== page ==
In order to optimize the output of your personal work playlist, you might also consider the following.
1. Go lyric-less
Classical music ranks high for boosting productivity, mostly because it doesn’t have lyrics. Your brain doesn’t expend cognitive resources trying to make sense of what’s being said. This is particularly important if you’re writing in any capacity, as the lyrics of what you’re listening to could find their way into that email, blog post, or speech. If classical isn’t your style, consider listening to acoustic Spanish guitar or house music — keep it ambient.
2. Try foreign music
Not feeling the Bach or Mozart? Then check out music in a foreign language. If you can’t understand what’s being sung, it’s less likely to pull a ton of your focus.
3. Stick with what you know
If the above options don’t appeal to you, pick music that’s very familiar to you. Since you already know every line and beat, your brain can predict what’s coming next with ease—again, that will prevent your playlist from taking up too much of your attention. Now isn’t the time to download a brand new album: instead, fall back on old favourites.
4. Think one-note
You know those shivers you get when listening to your favourite symphony? That’s a sign you shouldn’t play this piece at work. We are conditioned to expect certain patterns from the music we listen to. When those expectations are overturned, such as with unexpected key changes or dissonant notes, it jars the nervous system into action, creating a fluttering sensation in your gut or raising goosebumps on your skin. That’s an interesting phenomenon to be sure, but probably not one best explored at work.
Save the shivers for your commute. In the office, opt for music that keeps a consistent melody and volume.
5. Turn it up
You might think a lower volume is less distracting, but that isn’t actually the case. A study from the University of Illinois found that the productive sweet spot—at least for creative work—lies right in the middle.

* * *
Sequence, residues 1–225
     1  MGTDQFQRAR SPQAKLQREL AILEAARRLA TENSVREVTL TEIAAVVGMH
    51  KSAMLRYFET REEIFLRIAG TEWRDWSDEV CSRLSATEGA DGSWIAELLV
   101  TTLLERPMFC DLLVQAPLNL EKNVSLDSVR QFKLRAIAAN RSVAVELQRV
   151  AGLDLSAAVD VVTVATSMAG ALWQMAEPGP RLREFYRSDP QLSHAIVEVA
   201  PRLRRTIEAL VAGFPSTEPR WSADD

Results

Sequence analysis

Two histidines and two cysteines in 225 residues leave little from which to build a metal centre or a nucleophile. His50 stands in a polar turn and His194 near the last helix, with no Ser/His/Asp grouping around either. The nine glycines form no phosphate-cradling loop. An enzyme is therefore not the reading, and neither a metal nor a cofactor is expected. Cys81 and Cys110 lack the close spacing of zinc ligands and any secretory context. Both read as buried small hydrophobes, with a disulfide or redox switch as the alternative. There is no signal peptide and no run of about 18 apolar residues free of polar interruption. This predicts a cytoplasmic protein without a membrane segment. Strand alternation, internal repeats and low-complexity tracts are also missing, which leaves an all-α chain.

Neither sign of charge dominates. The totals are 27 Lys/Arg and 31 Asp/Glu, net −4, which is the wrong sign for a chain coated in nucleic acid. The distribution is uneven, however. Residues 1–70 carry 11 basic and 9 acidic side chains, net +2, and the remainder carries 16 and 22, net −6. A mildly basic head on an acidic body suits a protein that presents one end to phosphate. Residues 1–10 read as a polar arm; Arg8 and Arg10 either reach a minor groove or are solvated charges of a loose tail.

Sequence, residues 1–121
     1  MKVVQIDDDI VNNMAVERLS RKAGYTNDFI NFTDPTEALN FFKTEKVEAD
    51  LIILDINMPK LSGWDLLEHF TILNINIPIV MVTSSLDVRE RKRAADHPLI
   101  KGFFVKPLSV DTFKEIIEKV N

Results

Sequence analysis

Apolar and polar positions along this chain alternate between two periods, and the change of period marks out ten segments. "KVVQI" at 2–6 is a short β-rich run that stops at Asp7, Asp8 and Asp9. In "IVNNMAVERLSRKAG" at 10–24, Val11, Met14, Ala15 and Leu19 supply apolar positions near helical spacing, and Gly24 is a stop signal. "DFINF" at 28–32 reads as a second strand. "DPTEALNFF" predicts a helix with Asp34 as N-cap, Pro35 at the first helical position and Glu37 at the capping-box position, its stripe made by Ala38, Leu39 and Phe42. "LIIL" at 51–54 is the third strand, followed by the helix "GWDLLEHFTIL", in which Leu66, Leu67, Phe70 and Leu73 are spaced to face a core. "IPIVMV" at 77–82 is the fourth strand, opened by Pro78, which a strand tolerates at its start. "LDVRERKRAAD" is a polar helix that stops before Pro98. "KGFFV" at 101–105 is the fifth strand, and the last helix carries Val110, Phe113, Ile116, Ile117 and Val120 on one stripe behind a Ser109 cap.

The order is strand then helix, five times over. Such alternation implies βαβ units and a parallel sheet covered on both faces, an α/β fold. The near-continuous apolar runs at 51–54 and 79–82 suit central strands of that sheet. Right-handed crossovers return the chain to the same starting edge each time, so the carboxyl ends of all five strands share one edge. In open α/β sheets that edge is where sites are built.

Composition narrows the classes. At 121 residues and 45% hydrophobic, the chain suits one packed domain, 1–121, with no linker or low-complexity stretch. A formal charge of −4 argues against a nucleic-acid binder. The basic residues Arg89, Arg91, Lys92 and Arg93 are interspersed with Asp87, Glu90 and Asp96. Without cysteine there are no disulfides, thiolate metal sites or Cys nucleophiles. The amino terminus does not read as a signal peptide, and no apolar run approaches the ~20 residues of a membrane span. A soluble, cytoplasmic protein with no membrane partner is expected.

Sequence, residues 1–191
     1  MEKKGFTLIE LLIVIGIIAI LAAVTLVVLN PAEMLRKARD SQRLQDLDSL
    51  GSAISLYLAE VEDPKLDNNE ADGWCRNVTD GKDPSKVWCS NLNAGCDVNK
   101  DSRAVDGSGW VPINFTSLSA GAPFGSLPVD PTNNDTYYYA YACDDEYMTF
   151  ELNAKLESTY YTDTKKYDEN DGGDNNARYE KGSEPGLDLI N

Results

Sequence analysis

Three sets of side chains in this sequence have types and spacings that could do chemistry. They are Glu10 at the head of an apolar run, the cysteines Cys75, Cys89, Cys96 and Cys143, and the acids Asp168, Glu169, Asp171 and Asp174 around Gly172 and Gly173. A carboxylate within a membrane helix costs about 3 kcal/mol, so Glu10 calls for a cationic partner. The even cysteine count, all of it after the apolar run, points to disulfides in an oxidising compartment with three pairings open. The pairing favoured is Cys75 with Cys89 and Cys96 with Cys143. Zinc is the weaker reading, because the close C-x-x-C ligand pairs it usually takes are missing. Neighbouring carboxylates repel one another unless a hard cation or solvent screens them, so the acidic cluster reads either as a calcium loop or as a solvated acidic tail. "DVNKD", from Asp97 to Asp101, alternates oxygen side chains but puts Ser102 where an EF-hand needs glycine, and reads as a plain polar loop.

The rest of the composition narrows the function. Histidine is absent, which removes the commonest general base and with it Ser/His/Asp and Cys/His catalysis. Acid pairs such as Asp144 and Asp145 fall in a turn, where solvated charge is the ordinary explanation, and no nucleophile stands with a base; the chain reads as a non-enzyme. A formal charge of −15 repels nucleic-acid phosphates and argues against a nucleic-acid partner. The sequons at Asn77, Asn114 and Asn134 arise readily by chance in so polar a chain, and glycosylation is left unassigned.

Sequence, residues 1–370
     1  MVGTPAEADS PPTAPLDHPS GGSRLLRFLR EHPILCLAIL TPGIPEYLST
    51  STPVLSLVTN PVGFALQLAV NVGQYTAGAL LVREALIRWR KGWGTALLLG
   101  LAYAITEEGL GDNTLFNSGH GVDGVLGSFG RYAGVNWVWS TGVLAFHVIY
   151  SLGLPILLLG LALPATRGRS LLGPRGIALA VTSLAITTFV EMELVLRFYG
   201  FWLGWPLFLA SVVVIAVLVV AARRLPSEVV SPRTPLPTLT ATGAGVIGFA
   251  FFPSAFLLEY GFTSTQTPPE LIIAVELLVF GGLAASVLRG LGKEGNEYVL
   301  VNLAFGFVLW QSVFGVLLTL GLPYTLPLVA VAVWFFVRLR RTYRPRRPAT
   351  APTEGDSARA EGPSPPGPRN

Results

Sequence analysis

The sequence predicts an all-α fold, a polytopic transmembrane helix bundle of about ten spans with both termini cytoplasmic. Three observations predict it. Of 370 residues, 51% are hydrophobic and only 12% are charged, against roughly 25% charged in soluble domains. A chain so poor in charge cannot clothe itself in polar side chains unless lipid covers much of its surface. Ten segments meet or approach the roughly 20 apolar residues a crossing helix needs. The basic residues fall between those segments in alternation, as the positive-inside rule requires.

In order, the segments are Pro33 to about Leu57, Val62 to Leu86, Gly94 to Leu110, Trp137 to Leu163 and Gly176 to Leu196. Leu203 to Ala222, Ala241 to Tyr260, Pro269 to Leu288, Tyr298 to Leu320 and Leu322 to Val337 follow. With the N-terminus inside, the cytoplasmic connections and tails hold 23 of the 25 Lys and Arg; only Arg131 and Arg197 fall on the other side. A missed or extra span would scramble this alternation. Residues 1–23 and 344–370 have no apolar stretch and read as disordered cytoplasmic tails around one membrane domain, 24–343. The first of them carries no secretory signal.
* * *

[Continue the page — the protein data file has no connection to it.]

Interestingly, participants in this study exhibited less creativity when listening to noise at a lower level (similar to that found in a modern office) than when listening to noise at a moderate level (70 decibels, or how loud a vacuum cleaner might be when ten feet away).
Why? Well, increased noise makes it harder to think or reason through things. That, in turn, encourages more abstract processing in the brain. But turn the volume up too loud and the creative boost disappears.
The takeaway? If you’re brainstorming new people and culture initiatives, play your jam at a moderate level. That will maximize your creative thinking.
Over to you
Silence is still golden—but it’s just not practical in the modern office. Try telling your sales team to keep it down or asking your customer support team to silence the phones. Not going to happen, right?
That’s a good thing. While a totally quiet office might be more productive, it doesn’t sound like a whole lot of fun, nor a positive way to build your company culture. If making conversation is taboo and laughter is seen as disruptive, how will team members get to know each other?
When deadlines are approaching fast, we might long for the quiet of the old office model, where people worked in silos. While we might not be as productive as we would be in a completely silent environment, music at work can mitigate the effects of bigger distractors, like a ringing phone, a noisy coffee grinder, or the seven different conversations happening around you.
For all of the challenges brought up by noise, the modern day, music-friendly workplace is the more sound alternative.